Medical science done right

Things are changing. And here's some evidence. This is a great story (hat tip Boingboing). It's about a new test for African sleeping sickness (trypanosomiasis), a disease carried by the tse-tse fly that afflicts an estimated 66 million people in 36 countries. Not a nice disease:

At first, the main clinical signs of human trypanosomiasis are high fever, weakness and headache, joint pains and pruritus (itching). Gradually, the immune defence mechanisms and the patient's resistance are exhausted. As the parasite develops in the lymph and blood of the patient, the initial symptoms become more pronounced and other manifestations such as anaemia, cardiovascular and endocrine disorders, abortion, oedema and kidney disorders appear.

In advanced stages of disease, the parasite invades the central nervous system. The patient's behaviour changes; they can no longer concentrate and become indifferent to their environment. Sudden and unpredictable mood changes become increasingly frequent, giving rise to lethargy with bouts of aggressiveness. Patients are overcome by such extreme torpor that eating, speaking, walking or even opening the eyes call for an unsurmountable effort. At night they suffer insomnia and during the day are exhausted by periods of sleep-like unconsciousness. Finally, patients fall into a deep coma and die. (Tulane, course notes)

What's the "great story"? This:

Australian scientists have developed a blood test for African sleeping sickness that does not require the fancy equipment found in upscale medical labs. Even better, they made the details of their work available for free by publishing a paper in the Feb. 6 issue of PLoS Neglected Tropical Diseases, which operates under a Creative Commons license.

Zablon Njiru and Andrew Thompson of Murdoch University led a team that developed the elegantly simple way to check for trypanosomes -- protozoan parasites that are sometimes carried by tsetse flies.

To catch an infection in the earliest stages, when it is most treatable, technicians must look for a very small number of parasites in a sea of body fluids. That is not an easy thing to do, but there is a trick to make it easier: By mixing the liquid sample with a cocktail of molecules that can copy trypanosome DNA, they can make the serum resistance associated gene, a signpost of the disease, stand out -- transforming each test into a manageable task.

Instead of using the polymerase chain reaction, which amplifies the microbe DNA with the aid of an expensive instrument called a thermocycler, the researchers employed another gene multiplying technique called loop-mediated isothermal amplification. It requires little more than a warm water bath and a few chemicals. After that procedure, which takes less than a half hour, the scientists can simply add some SYBR green dye and watch the brew change color if it contains a boatload of duplicated genetic material from the pathogen. (Wired News)

Here's what the test looks like:


In essence, these scientists have put this simple test into the public domain instead of patenting it to make money off of it. That's what medical scientists are supposed to do. And they did it. Kudos to Zablon Njiru and Andrew Thompson of Murdoch University.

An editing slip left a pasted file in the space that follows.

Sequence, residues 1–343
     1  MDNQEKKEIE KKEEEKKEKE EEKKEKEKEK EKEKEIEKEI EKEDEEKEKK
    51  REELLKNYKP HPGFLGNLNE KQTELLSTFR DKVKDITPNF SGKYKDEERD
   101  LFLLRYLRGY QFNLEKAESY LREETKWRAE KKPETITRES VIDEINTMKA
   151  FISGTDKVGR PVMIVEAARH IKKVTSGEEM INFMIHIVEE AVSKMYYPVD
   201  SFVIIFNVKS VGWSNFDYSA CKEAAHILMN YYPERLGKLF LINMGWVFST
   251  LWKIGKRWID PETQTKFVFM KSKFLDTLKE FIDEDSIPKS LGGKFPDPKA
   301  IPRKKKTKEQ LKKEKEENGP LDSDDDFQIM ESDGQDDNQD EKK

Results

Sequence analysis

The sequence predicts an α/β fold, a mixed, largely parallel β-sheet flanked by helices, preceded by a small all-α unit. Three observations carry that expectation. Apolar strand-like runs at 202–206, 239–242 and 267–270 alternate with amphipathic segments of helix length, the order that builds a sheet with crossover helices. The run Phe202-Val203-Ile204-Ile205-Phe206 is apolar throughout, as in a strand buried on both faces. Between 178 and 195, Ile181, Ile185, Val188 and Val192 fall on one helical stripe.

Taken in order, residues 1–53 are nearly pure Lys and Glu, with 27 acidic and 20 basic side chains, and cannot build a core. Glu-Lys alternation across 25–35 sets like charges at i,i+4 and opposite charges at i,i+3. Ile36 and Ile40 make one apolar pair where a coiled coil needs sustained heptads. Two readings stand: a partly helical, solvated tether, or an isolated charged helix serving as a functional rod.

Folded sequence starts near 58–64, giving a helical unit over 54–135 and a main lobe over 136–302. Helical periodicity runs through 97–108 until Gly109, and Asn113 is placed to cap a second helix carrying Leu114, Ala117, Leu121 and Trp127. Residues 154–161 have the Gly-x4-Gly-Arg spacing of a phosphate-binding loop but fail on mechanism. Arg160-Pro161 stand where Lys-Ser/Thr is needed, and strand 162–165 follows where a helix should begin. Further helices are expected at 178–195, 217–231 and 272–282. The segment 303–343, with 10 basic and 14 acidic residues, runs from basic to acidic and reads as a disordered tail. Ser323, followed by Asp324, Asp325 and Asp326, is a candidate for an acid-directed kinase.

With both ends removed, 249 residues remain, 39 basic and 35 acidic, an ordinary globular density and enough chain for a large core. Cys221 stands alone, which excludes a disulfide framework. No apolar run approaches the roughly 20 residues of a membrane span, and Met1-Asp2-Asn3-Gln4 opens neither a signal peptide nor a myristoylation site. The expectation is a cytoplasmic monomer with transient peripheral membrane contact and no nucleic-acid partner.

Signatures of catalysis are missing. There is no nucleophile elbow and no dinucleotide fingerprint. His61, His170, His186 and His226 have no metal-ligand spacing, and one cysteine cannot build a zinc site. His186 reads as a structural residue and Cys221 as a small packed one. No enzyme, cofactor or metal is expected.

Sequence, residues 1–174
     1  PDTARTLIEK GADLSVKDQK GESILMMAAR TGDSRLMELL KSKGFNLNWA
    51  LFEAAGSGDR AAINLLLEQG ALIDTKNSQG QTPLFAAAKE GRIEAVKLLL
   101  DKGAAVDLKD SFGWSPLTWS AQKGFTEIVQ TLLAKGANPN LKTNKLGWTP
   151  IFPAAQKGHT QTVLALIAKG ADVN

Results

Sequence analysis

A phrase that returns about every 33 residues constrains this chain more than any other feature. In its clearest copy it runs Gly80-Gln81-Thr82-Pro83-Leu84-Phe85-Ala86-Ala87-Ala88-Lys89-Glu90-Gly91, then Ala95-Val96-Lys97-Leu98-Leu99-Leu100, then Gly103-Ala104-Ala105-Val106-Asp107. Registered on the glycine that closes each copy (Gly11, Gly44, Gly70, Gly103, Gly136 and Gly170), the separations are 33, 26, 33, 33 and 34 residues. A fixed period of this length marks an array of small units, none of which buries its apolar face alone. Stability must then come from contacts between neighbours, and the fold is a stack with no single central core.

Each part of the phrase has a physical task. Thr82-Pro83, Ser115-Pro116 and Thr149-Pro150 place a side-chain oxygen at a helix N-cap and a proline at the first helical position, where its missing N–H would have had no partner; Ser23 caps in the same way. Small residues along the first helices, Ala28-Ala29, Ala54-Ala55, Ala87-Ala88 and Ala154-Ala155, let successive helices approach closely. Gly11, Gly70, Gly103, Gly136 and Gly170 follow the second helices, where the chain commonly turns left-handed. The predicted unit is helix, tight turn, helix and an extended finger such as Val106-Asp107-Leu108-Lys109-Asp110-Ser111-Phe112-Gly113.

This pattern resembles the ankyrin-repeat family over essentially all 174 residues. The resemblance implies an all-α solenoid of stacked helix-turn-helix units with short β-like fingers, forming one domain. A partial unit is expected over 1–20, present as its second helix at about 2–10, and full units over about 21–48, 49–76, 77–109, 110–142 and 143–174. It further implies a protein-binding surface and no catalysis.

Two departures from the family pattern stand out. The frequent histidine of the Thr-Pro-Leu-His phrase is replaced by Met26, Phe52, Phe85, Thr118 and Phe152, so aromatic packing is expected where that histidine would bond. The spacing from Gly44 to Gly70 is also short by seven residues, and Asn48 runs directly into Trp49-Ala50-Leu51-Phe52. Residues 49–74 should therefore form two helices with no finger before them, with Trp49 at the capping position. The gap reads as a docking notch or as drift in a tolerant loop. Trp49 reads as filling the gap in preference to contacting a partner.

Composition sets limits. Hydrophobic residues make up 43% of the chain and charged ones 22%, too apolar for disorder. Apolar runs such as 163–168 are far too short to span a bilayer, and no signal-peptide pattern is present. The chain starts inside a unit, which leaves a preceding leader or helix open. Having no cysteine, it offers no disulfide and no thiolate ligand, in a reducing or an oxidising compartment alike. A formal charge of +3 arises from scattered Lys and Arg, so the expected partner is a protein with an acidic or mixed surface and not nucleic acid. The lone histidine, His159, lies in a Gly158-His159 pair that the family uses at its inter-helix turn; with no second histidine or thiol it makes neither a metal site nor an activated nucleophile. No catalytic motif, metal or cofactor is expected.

Here's the full citation in PLoS Neglected Diseases:

Njiru ZK, Mikosza ASJ, Armstrong T, Enyaru JC, Ndung'u JM, et al. (2008) Loop-Mediated Isothermal Amplification (LAMP) Method for Rapid Detection of Trypanosoma brucei rhodesiense. PLoS Negl. Trop. Dis. 2(2): e147.

You can find it here.


More like this

I'd be surprised if it wasn't patented anyway.

If I invented something useful that I wanted the world to use for free I'd patent it. You just don't bother to enforce the patent.

It stops some company who didn't invent the thing from locking it up in a patent of their own.

Regardless in Australian universities you are strongly encouraged/contractually required to patent whatever you can manage. It's the only way the universities can survive as the government won't fund them to world class level and the country doesn't have the philanthropic tradition that the USA has.

Someone please recommend them for some awards! Their funders as well.

Will a similar test work for other trypanosomal diseases? How about malaria? Others?

By phytosleuth (not verified) on 05 Mar 2008 #permalink

Nat, Yes. Holding a patent but letting others use it as long as their goal is same as yours.

See Eco-Patent Commons…

Based on the idea that "Sharing environmental patents can help others become more eco-efficient and operate in a more environmentally sustainable manner enabling technology innovation to meet social innovation."

By phytosleuth (not verified) on 05 Mar 2008 #permalink

Actually, LAMP for Trypansoma spp. diagnosis was first published in JCM in 2003. The PLOS NTD article is an assay specific for rhodesiense.

While the assay isn't patented, and it helps that there is no potential for any financial gains from it, the LAMP technique is owned by a Japanese chemical company, Eiken ( However, the Foundation of Innovative New Diagnostics ( which is leading the development effort has an agreement with Eiken to waive any royalties (I think).

Some of the reagents used in this type of assay are somewhat expensive. But in further news on this method, a recent paper in the Journal of Clinical Microbiology describes the use of Propidium Iodide as a replacement for the much more expensive Syber Green used in the above article. See:

By Mike Herron (not verified) on 04 Aug 2008 #permalink